Using zumba to address mental health stigma


For moments they will look at you, studying you and maybe trying to figure out your intentions, however, when the music starts playing, there’s a unique way they light up and it is at that moment,” she says snapping her fingers and continuing, “you notice that a positive energy has been ignited.”

Geraldine Opoka, a zumba dance instructor can never have enough of a monthly workout class she holds at Butabika Hospital, it is one thing she says always leaves her blessed. “Every after a class, they are free and can exchange stories with us, they reveal a lot of stigma that is self-imposed and also from the public. They tend to think they are alone.”
But those were simply Opoka’s words when this paper first visited her dance studio in Kamwokya on Mawanda road almost two months back. Yet the scene at recreation hall in the Occupational Therapy Department (OTD) in Butabika is not that different from the way she explained it.

Every first Wednesday of the month, alongside a few members from the dance studio, Opoka conducts a zumba workout routine with patients at Butabika. There is a group of patients that is a mixed bag of characters, some are hyper while others need a little pushing to even get off their seats; they are wearing light blue shirts and shorts. But before the dancing kicks off, another group wearing dark green uniforms get in. These easily mix with the visitors, cracking jokes and helping out in getting the space ready – for sometime, you will believe they too are visiting.
Eric Kwebiha, an occupation therapist at the hospital, notes that patients dress differently because of the difference in their diag-nosis. “For instance, those in dark green are from the alcohol and drugs unit while those in lighter colours are on medication,” he says.

Zumba is a workout choreography that incorporates hip hop, soca, salsa, samba and mambo among others – while conducting it at her studios, Opoka keeps it rigorous though when she does it with the patients at Butabika, she keeps it as basic. The patients that come to this class are usually screened and later deemed fit to take part, but today, Kwebiha notes that the process was lacking.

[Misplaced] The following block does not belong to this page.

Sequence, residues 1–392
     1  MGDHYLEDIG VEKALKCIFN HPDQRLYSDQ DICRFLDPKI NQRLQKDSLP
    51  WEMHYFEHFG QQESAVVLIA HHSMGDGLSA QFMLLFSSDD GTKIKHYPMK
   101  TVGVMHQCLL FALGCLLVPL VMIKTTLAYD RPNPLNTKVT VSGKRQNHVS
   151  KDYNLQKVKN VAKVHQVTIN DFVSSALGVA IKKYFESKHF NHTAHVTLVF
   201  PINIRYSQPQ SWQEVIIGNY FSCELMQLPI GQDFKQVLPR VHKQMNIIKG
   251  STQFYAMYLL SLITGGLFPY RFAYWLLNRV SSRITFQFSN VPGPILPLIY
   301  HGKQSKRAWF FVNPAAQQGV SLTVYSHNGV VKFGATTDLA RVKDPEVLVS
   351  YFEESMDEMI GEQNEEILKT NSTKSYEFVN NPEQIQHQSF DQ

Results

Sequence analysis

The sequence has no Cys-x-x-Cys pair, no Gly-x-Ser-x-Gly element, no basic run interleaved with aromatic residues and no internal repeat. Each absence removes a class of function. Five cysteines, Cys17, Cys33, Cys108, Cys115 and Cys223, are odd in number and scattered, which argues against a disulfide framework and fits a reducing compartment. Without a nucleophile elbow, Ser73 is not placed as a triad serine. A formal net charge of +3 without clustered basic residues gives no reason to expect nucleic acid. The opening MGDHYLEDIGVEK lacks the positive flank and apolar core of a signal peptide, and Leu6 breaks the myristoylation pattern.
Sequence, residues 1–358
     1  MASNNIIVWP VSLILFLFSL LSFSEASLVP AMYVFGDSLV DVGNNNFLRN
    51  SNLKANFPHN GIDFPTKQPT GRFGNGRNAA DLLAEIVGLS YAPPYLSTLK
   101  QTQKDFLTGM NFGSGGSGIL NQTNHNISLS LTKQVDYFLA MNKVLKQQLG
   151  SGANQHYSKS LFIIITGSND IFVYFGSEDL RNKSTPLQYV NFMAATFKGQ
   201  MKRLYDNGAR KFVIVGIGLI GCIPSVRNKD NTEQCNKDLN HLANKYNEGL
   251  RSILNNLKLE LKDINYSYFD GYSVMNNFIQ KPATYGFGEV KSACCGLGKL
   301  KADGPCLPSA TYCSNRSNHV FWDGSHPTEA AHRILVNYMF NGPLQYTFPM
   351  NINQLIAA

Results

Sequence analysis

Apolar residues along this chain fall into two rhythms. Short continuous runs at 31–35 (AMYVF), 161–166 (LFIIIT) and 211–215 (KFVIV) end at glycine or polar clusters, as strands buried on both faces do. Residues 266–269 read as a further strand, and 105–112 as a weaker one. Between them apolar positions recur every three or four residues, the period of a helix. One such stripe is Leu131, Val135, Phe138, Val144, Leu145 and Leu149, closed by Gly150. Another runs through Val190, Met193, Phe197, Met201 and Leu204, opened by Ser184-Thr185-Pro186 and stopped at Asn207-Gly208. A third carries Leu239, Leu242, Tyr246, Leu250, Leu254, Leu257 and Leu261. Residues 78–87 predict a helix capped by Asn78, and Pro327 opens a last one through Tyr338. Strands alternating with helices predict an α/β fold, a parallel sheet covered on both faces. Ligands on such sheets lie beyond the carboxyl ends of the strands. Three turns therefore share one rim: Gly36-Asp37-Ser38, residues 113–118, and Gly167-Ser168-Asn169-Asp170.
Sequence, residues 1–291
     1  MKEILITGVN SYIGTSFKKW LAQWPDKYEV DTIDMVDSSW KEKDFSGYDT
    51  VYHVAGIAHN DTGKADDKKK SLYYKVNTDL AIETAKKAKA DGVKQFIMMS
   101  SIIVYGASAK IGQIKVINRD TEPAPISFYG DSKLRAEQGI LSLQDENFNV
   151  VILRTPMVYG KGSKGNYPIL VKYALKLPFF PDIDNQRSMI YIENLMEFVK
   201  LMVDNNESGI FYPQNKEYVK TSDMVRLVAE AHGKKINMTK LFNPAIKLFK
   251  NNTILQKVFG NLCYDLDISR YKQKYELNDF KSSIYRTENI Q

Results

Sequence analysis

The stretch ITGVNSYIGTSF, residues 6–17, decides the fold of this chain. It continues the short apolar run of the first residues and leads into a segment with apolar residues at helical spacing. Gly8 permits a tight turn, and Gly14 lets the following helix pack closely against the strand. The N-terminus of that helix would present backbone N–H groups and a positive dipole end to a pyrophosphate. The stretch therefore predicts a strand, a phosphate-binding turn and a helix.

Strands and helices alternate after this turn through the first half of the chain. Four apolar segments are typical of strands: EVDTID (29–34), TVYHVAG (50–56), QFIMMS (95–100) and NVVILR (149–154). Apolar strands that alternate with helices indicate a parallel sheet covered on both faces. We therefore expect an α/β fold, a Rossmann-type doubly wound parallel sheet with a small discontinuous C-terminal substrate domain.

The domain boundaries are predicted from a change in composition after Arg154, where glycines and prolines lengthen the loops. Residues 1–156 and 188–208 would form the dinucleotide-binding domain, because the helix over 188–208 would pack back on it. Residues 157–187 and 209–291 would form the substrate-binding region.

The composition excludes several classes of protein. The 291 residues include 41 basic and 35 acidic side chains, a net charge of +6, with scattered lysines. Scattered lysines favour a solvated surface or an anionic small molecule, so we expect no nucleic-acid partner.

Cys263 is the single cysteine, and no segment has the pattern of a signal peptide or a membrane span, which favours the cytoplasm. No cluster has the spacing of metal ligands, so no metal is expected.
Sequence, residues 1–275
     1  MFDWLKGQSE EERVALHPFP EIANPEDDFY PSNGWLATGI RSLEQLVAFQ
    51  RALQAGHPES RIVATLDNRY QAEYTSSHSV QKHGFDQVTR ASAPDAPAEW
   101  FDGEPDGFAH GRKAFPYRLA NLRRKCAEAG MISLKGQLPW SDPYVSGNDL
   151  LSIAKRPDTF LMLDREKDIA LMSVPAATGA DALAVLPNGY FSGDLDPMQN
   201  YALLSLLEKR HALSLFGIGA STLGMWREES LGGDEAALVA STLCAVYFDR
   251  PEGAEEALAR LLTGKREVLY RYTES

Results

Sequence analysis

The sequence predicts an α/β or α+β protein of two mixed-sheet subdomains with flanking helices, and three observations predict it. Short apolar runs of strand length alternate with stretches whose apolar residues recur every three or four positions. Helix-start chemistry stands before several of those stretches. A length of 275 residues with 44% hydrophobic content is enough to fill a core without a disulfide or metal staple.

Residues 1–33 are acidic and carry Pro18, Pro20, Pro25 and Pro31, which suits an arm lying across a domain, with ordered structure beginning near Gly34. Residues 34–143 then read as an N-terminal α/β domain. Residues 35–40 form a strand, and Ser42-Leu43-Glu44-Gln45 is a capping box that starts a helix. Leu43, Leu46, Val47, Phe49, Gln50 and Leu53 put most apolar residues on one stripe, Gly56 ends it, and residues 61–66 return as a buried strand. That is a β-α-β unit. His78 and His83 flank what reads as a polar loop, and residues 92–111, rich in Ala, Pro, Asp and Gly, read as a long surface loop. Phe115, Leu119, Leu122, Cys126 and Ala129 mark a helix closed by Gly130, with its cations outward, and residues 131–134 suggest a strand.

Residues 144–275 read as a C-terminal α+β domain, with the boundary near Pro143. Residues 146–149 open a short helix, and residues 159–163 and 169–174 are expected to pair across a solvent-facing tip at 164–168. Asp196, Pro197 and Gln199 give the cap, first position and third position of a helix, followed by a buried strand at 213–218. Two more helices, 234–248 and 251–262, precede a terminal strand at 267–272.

“Today it seems even people that are to weak were allowed in,” he says adding that they usually monitor the mental state of someone before allowing them to do zumba. “We cannot allow a client who cannot yet control their symptoms or one that is epileptic,” Kwebiha says.

Fighting stigma
The Zumba session, according to Kwebiha is one way patients get to express themselves in various forms; “for some, it is a forum for socialising while others vent out emotions.”
Stigma being one of the biggest issues that slow down treatment in mental health, Kwebiha says Zumba and the entire process of its happening helps in curbing the issue.

For example, since Opoka comes with members from her studio, working out with the patients in the same space creates a feeling that they are all equal and of course, most of the leadership tasks within the session are given to patients which Kwebiha says makes them notice that they are still important; “every time you give them tasks, they start believing in themselves again.”

Way to detoxify
But the most important thing could be a fact that zumba gives patients a chance to dance off the heavy medication and face their demons. Eric (not real names) has been at the facility for seven weeks – a former abuser of substance, he says zumba helps him relax and socialise.

Brought to Butabika by relatives, he says he started using drugs as a student, however, a need for a height better than what he was experiencing pushed him to try stronger things, once hooked, he started feeling weak and sick if he had not used; “My father had given up on me after learning that I was abusing drugs,” says Eric declaring that he has been clean for seven weeks now.
A second time participant in zumba, Eric says the routine is a reminder that some people in the public have not given up on them. He adds that being at the facility has also improved his relationship with his family and God.

Opoka hopes the monthly session can bridge a gap between patients and the public. “Some of them were abandoned by their families and the feeling of not being loved haunts them,” she says. Yet the dance class of less than 50 patients is just a drop in the ocean if compared to the many Ugandans suffering in silence with various mental disorders because of public ridicule and stigma. Kwebiha too says that whenever they get a patient, they try their best to educate their families as a way of involving them in the recovery process.

According to Dr Caroline Birungi, a psychiatrist and lecturer in the department of psychiatry at Makerere University, 35 per cent of Ugandans (about 11.5 million people) suffer from some form of mental illness, with depression being one of the most common, and yet, only half of that is receiving treatment. “Mental illness is a very big problem but because of the stigma, many families choose to lock up their sick people,” she says, adding that the stigma complicates treatment where mentally ill people leave in isolation making it hard for the necessary help to reach them.

She, however, adds that initiatives are being made to create awareness to cut on the stigma. For instance, Uganda’s draft mental health policy encompasses many positive reforms, in-cluding decentralisation and integration of mental health services into Primary Health Care (PHC).

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